Over the past number of years, we have been focusing on growing the cow herd at Drumforber. Since starting in the programme, the herd has grown from just over 40 cows in 2016 to 90 to calve between this past autumn and the coming spring, split two-thirds spring calving and one-third autumn calving.
With another batch of heifers coming in as embryo recipients and further retentions, this time next year will see the farm supporting 40 autumn-calving cows and 75 spring-calving. It has been a hard slog to get this far as so many heifers have been retained over the past few years, meaning a low level of sales from the enterprise. However, we have run through the calculations and, while it was hard work initially, the long-term cashflow benefit of growing so quickly far outweighs the short-term reduction in sales.
The biggest problem with the expansion is that winter accommodation is now under pressure. Back in the summer, we looked at renting sheds locally for youngstock but didn’t feel it was an ideal situation between logistics and maintaining the herd health status. Instead, construction has started on a new shed at home. It is a 100ft x 50ft shed, closed on three sides. The open side will face on to our existing cattle buildings. It is hoped that the shed will be finished by late January, to allow everything to be set up ahead of calving.
A pen of finishing bulls.
With shed space being short, it was decided to sell the weaned bulls, off their mothers. They average £733 at six months old, with the top coming in at £900. When looking at the feed, bedding and fixed costs that would be needed to take them through to fat, it has worked well for us.
Like last year, their mothers were kept outside for as long as possible. Unfortunately, unlike last year, ground conditions deteriorated more quickly, so they were housed at the end of November. They are now on a dry cow diet of straw and red clover silage. Initially the cows were on 1kg of straw but their dung was a little loose. We are in the process of slowly increasing the straw and monitoring the dung to tighten the cows up.
Prior to housing, the cows were scanned and of the 60 through the race, only three were empty, giving an empty rate of 5%. Two of the empties were older cows and one was a later calver that didn’t return to the bull in time.
In the back end of last year, grazing lambs were brought on to the farm to tidy up surplus grass and to run across a reseed to help it establish
The heifer calves are on a diet of 1kg of straw, 1kg of protein molasses and 20kg of first-cut silage. They will be grown on through the winter and we will take a draw of the best off as replacements.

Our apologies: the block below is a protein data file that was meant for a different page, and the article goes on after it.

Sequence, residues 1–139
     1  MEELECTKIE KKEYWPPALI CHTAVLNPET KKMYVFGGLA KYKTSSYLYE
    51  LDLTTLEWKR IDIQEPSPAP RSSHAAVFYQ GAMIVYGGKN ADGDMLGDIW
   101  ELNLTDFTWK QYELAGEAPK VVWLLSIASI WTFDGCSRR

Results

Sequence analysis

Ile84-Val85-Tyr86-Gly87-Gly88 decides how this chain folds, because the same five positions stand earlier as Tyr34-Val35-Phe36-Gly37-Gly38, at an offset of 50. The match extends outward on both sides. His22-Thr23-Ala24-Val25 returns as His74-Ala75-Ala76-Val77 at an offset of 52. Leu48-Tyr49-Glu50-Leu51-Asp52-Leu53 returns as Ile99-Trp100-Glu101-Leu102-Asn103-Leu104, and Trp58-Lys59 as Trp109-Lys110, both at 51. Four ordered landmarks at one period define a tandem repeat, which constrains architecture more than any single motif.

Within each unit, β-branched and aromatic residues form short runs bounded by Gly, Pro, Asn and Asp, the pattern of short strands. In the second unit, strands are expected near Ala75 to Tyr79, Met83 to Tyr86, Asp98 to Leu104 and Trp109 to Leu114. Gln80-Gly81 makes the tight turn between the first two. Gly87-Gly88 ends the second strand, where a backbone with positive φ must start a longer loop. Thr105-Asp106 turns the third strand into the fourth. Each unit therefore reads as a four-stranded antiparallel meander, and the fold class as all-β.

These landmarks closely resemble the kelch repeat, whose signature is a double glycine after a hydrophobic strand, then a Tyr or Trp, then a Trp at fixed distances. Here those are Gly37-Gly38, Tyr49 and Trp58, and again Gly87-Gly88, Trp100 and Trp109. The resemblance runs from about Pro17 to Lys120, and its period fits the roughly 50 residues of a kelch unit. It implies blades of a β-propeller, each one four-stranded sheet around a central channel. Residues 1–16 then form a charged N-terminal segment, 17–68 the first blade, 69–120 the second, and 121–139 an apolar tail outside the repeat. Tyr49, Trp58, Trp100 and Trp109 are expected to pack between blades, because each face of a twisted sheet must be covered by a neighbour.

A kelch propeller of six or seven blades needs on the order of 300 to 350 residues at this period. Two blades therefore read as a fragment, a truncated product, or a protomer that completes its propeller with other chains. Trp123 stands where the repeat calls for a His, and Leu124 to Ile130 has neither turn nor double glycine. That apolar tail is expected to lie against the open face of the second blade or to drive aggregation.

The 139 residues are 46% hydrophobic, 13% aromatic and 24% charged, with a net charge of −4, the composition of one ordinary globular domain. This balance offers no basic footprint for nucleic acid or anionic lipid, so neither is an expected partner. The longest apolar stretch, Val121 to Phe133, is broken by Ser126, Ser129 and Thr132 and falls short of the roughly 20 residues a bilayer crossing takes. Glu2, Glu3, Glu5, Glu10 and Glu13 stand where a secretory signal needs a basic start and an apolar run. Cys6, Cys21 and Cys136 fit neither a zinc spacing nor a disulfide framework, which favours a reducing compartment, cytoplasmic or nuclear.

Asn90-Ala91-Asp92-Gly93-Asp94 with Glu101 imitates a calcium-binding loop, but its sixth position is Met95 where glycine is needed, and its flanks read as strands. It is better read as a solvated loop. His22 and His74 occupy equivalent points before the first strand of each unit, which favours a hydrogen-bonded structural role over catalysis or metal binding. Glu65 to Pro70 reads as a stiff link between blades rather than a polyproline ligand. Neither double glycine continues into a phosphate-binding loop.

Autumn calving has finished and the bulls are now in with the cows. There are also six recipients to join the autumn group. They are on a diet of 33kg of grass silage, 1kg of straw and 1kg of protein molasses.
The spring barley has all left the farm and working from the dried weight sold, yield averaged 8.75t/ha (3.5t/acre). More than half of the oats are still on farm, so yield is yet to be finalised.
Next harvest, we intend to establish a forage crop as soon as possible after the combine has been through to extend our grazing season and increase organic matter in the soil.
In the back end of last year, grazing lambs were brought on to the farm to tidy up surplus grass and to run across a reseed to help it establish. This was a great success and some of the older swards looked the best they have in a long time this spring, thanks to the sheep grazing. With this in mind, we have brought in a batch again this year.
Having some lambs grazing also made us consider the enterprise mix on the farm, and has led to the establishment of a small flock of sheep.
We have decided to enter the world of pedigree Texels and have bought five pure ewes in partnership with a friend.
Alongside the pedigree ewes are 25 mules that have had pedigree embryos implanted in them. All are high-health ewes to ensure that the venture starts off on the right foot. Since implantation, all 30 are running with a Texel tup to sweep up any that have not held. The intention is for them to lamb in mid-February.
The expansion in stock numbers will also mean another 5.5ha of grass will be sown out this coming spring. While this past season saw enough silage harvested to nearly do two years, it cannot be guaranteed every year.
Adviser comment – Robert Gilchrist
With cattle having been housed for a few weeks and settled on to rations, now is the time to check and see if the ration is matching expectations. The simplest way to monitor cattle diets is to inspect the dung – it offers a fantastic guide to how a ration may be performing.
In the case of Drumforber, the dung was a little on the loose side. In order to solve this, the straw has been increased by 0.5kg/head/day. This diet will run for a week to see how the changes have taken effect. If the dung is still loose, it will be increased another 0.5kg for another week. At this point, if the dung is still loose, the ration will be looked at again.
Intakes also need to be checked to make sure that the dry matter matches that on the analysis. If animals are eating more or less than predicted by the ration, it may be worth getting another silage sample done to double-check the dry matter.